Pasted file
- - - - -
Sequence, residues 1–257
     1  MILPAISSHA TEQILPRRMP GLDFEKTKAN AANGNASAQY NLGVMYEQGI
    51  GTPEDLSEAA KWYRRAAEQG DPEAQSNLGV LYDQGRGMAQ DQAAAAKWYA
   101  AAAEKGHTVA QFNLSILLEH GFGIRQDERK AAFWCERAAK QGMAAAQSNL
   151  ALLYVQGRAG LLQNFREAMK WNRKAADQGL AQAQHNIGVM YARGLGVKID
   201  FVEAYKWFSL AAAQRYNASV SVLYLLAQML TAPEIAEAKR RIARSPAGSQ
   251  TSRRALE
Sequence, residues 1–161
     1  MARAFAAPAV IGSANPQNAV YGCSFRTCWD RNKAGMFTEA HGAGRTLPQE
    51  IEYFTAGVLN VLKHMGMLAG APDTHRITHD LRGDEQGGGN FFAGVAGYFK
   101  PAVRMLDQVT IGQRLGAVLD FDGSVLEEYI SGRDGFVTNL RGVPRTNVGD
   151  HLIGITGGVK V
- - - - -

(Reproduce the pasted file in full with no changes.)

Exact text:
Sequence, residues 1–257
     1  MILPAISSHA TEQILPRRMP GLDFEKTKAN AANGNASAQY NLGVMYEQGI
    51  GTPEDLSEAA KWYRRAAEQG DPEAQSNLGV LYDQGRGMAQ DQAAAAKWYA
   101  AAAEKGHTVA QFNLSILLEH GFGIRQDERK AAFWCERAAK QGMAAAQSNL
   151  ALLYVQGRAG LLQNFREAMK WNRKAADQGL AQAQHNIGVM YARGLGVKID
   201  FVEAYKWFSL AAAQRYNASV SVLYLLAQML TAPEIAEAKR RIARSPAGSQ
   251  TSRRALE
Sequence, residues 1–161
     1  MARAFAAPAV IGSANPQNAV YGCSFRTCWD RNKAGMFTEA HGAGRTLPQE
    51  IEYFTAGVLN VLKHMGMLAG APDTHRITHD LRGDEQGGGN FFAGVAGYFK
   101  PAVRMLDQVT IGQRLGAVLD FDGSVLEEYI SGRDGFVTNL RGVPRTNVGD
   151  HLIGITGGVK V